So what does all this mean? And what can funders do?
Share your data
We acknowledge that there are more disaster contributions than we currently document. We invite and encourage donors to share data with us to help further improve these tools. We collect grants data from hundreds of funders, mostly through their 990 tax forms which can take up to two years to be available and often do not contain the amount of information needed for us to best code and analyze the data.
However, funders can also choose to send their grants data directly to us, which helps make our tools timelier. As we work to improve and streamline our data collection and analysis, funders, we need your help. We would love for more funders to submit their grants data to us directly—and do it often! Grants that are reported directly to us can include more nuance and details, allowing us to better categorize and code them, thereby gaining better insight. If you want to start sharing your data with us, have any questions or want more information, visit: foundationcenter.org/gain-knowledge/foundation-data/share-your-grants-data
Go beyond funding for immediate relief
There is no doubt that we need funders to be nimble and able to respond to disasters as soon as they occur with immediate response and relief efforts. However, we also need funders to be strategic and think about the larger disaster life cycle. This means helping communities prepare for disasters, through resilience and mitigation efforts, as well as taking a longer-term view by supporting reconstruction and long-term recovery efforts. Some examples of funders working beyond immediate relief efforts include: The Kresge Foundation, which gave a grant to the Gulf Restoration Network in 2016 to increase the flood resilience of communities in New Orleans and Southeast Louisiana through the implementation of comprehensive stormwater management practices and other nonstructural flood-mitigation measures. And the W.K. Kellogg Foundation, which gave a grant to the Haiti Christian Development Fund in 2017 to assist local smallholder farmers in Haiti recover from the impact of Hurricane Matthew through technical assistance, training and marketing assistance.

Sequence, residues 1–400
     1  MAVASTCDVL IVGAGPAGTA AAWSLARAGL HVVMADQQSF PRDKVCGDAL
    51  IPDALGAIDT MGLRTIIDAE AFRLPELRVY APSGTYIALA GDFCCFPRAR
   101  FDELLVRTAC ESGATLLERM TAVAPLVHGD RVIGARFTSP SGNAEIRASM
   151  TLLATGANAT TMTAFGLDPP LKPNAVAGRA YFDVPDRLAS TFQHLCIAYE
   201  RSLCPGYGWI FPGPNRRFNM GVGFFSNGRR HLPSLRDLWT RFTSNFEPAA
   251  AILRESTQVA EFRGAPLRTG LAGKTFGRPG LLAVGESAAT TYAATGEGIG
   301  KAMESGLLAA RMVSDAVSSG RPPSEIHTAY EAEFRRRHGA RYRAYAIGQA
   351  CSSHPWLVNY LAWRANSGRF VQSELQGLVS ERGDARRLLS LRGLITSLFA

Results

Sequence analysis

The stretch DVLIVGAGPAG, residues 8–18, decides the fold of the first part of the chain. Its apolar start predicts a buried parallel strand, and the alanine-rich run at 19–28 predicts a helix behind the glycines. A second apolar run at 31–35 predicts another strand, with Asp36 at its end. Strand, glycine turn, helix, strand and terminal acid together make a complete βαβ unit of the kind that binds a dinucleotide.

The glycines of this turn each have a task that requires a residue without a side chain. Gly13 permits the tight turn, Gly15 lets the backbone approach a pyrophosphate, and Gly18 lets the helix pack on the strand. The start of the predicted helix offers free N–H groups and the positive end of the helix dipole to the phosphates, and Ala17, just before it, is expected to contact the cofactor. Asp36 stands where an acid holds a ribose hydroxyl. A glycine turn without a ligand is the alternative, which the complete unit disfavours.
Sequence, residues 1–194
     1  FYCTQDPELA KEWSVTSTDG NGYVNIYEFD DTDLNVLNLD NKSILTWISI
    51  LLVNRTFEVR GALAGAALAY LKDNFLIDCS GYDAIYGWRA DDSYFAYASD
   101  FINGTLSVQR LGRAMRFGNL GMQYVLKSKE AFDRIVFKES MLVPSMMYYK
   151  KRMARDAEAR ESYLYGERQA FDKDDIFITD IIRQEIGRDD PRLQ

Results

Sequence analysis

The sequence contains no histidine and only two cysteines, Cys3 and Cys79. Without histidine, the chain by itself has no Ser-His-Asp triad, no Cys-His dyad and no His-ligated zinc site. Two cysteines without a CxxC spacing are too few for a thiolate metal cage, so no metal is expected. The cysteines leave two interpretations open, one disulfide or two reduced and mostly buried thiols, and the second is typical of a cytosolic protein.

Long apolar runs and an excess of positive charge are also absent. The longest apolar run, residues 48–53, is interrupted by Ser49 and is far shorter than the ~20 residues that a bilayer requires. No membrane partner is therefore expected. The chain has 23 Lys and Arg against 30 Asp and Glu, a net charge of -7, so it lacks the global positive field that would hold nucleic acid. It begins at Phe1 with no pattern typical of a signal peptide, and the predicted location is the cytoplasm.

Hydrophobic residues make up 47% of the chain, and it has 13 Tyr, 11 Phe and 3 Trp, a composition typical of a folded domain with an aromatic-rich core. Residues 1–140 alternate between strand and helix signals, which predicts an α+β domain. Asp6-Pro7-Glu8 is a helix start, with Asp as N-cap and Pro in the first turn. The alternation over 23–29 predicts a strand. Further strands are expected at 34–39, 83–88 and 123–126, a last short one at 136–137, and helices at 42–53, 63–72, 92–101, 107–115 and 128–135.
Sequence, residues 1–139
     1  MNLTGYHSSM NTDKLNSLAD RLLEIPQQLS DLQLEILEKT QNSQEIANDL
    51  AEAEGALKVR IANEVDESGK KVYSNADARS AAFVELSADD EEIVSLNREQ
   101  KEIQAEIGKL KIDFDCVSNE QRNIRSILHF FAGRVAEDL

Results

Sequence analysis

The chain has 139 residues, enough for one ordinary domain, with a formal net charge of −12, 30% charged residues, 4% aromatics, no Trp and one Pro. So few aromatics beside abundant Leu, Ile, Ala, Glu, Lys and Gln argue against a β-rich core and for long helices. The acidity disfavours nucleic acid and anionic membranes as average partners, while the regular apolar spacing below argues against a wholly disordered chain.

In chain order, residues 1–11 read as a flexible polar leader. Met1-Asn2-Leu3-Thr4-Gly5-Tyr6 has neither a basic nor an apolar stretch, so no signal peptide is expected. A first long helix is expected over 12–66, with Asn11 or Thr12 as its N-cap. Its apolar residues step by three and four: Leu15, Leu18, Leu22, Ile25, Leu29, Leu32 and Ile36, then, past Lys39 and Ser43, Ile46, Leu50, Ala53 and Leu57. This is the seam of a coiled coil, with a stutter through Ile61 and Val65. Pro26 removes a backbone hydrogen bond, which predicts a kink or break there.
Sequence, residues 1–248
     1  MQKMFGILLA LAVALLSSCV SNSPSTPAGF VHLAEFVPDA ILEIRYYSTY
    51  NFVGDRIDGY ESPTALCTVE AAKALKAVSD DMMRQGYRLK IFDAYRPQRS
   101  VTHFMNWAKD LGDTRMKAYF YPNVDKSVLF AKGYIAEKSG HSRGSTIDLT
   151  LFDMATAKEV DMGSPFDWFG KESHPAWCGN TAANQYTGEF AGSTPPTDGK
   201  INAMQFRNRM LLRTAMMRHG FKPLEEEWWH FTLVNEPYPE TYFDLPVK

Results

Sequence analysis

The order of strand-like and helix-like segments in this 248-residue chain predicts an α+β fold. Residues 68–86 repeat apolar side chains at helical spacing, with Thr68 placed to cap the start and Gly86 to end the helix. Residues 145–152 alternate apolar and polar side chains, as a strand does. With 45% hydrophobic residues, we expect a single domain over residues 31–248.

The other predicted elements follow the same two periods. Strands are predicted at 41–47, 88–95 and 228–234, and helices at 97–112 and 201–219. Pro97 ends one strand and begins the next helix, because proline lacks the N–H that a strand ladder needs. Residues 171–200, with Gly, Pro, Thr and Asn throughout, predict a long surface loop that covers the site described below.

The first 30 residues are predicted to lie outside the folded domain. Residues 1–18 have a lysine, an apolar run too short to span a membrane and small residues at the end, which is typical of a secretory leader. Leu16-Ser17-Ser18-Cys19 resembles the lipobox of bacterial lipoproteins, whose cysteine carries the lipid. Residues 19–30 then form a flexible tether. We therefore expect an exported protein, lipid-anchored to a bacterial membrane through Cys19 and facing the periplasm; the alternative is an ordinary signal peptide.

It is encouraging that 2016 saw an increase in funders giving to reconstruction and recovery efforts however, giving to preparedness and mitigation activities have remained low.
Plan for disasters
Even if your organization does not have a specific program for disasters or humanitarian relief, all funders might find themselves stepping in as disaster funders at certain points in time. There are things funders can do before a disaster strikes to plan for more effective, intentional giving. CDP’s Disaster Philanthropy Playbook is a great resource. Jointly created with the Council of New Jersey Grantmakers, the Playbook offers concrete tips and best practices to guide grantmakers in responding to future disasters. Additionally, the Funding Map allows donors to filter by geographic region, disaster type and disaster strategy to look at granular level grants data and see how others have responded to previous disasters.
We hope these tools can assist donors in considering how to best maximize the impact of their disaster-related giving and we welcome your help in making them better.